When Tesla announced its Gigafactory, it provided us with a fairly detailed picture of its growth going forward. And now that the Gigafactory deal is done with Nevada, that growth seems to be a low risk assumption. Tesla has also provided us with some color about 2015 and using all this information and filling in the blanks, I’ve come up with this chart for Tesla’s automotive growth going forward:
Tesla’s Gigafactory is expected to produce 50GWh of battery packs in 2020. If we assume that 85kWh is the average pack size – I expect the Model 3 pack to be smaller and Model X pack to be larger – Tesla will need 42.5GWh for automotive use. That leaves an excess of 7.5GWh for energy storage. By early next year, Tesla will be using as much or more than the rest of the global cylindrical cell output combined based on their stated Model S run rate goal of 50,000/year. So at 500,000 cars per year, Tesla would be using 10 times the current global output of cylindrical cells and more than the current total global output of batteries.
However, the Gigafactory should be maxed out by then and my personal prediction is that we will either see a major expansion of the Gigafactory go online shortly after 2020 or we will see more such factories go online in the coming years. Considering that the current Gigafactory that expects to start production in 2017 broke ground in 2014, factory 2 should break ground in 2018, just after the first one goes online. My expectation is also that during that time frame at the latest, Tesla will start considering auto factories on other continents.
Tesla has also stated that they are building superchargers at a rate greater than one per day. At that rate, by 2020, Tesla will have 2000 superchargers globally, enough to give them a major leg up over any other manufacturer. In fact, by 2017, which is the earliest that any long range EVs are expected, Tesla should already have 1000 supercharger stations in place. That would already put the Model 3 ahead of any potential competition in the space.
As far as storage batteries go, Tesla currently sells some storage batteries through SolarCity both for residential and commercial customers. Currently this is a very small limited availability offering. However, the Gigafactory will change all that making batteries more affordable and giving SolarCity the ability for bigger and more widespread deployments. As someone with solar panels, this excites me as much or more than automotive growth for Tesla. As solar system prices are dropping, over the next decade storage along with panels might become the norm. The market for this is potentially limitless.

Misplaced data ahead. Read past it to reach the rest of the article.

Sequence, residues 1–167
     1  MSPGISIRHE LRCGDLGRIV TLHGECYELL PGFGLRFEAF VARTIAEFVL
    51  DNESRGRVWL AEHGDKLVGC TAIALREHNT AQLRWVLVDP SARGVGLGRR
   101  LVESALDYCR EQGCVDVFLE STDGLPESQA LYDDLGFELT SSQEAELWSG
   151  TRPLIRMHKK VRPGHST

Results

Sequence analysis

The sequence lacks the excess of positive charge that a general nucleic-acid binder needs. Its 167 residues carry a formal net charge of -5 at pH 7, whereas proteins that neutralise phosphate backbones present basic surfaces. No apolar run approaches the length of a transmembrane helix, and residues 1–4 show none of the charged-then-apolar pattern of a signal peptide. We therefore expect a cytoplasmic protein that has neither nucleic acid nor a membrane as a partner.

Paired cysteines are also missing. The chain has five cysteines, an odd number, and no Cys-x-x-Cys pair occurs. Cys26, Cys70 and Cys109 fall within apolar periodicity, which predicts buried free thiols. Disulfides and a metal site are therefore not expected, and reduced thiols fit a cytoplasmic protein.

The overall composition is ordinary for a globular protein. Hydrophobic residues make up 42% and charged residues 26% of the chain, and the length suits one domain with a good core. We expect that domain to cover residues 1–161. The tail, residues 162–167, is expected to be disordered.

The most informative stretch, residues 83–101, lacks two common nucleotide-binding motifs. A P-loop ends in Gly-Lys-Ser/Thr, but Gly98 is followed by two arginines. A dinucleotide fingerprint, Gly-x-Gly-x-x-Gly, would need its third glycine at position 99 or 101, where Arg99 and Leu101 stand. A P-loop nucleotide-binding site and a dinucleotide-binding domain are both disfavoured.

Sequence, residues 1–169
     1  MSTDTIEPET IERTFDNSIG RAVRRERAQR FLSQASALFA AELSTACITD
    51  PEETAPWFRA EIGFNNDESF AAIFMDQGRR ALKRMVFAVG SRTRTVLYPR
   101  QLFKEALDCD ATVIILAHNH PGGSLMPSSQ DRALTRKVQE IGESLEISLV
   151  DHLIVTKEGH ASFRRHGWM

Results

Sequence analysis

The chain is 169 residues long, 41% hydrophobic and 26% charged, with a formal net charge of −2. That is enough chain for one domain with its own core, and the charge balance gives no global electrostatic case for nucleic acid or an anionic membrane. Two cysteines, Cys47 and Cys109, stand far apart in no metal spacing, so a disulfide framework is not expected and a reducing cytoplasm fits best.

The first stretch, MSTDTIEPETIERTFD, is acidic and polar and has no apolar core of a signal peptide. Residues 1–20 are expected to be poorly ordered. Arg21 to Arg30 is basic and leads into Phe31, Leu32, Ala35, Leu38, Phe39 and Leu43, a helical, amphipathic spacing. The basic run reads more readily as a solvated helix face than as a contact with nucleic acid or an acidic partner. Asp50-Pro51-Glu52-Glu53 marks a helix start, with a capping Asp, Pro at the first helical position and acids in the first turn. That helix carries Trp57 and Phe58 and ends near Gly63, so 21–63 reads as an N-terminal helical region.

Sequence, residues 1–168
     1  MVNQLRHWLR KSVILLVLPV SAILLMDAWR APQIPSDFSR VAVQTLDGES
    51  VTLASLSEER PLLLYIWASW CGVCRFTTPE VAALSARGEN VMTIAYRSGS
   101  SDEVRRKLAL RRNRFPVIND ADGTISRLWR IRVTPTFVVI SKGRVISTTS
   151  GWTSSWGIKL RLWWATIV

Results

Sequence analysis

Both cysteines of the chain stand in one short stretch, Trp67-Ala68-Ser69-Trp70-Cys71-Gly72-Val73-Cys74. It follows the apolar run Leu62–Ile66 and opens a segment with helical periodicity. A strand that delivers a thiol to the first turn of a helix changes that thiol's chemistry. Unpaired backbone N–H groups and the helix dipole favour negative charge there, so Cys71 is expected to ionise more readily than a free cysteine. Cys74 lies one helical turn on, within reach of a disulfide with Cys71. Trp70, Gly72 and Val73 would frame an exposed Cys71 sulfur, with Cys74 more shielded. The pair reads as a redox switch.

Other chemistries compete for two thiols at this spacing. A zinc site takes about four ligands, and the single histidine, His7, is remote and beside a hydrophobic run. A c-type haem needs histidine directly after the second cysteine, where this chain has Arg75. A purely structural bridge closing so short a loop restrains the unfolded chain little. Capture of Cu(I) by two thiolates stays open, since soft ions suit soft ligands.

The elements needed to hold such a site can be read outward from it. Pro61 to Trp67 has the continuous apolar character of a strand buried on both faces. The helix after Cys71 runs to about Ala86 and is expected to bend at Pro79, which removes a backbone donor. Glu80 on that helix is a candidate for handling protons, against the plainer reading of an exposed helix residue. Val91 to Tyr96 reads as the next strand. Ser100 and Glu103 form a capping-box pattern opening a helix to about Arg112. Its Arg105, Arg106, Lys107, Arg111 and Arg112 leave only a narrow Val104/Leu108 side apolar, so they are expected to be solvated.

So if you think that you have missed out on Tesla’s growth, you are wrong. Major growth is still to come. If there is one company I see becoming bigger than Apple, it is Tesla. Here is what Tesla’s revenue growth would look like with Model S average price of 100,000$, Model X at 110,000$ and Model 3 at 60,000$ from cars alone.
At 500,000 cars, Tesla will have 0.5% of the global auto market still leaving significant growth potential ahead. Even though there has been a recent up tick in rumors of 200 mile EVs, I expect none of them to be competitive with Tesla until at least 2020 and that too only if the rest of the industry bothers with a charging network to enable long distance travel in an EV.
My personal estimate is that Tesla will produce 2 million cars by 2024. At that time, I estimate Tesla auto revenues of $160 billion – about equaling current GM revenues. However, none of this takes into account Tesla’s storage revenues. If by 2024, Tesla can sell 100GWh of storage batteries at 150$/kWh, that would bring in another $15 billion in revenue but at a higher margin than the auto business. At $175B in revenue and growing, with margins of 15% and a P/E of 20, Tesla would be worth more than $500 billion then. Tesla will still be a growth company with 4-6 available models and more coming soon.
Disclosure: I am long TSLA, SCTY.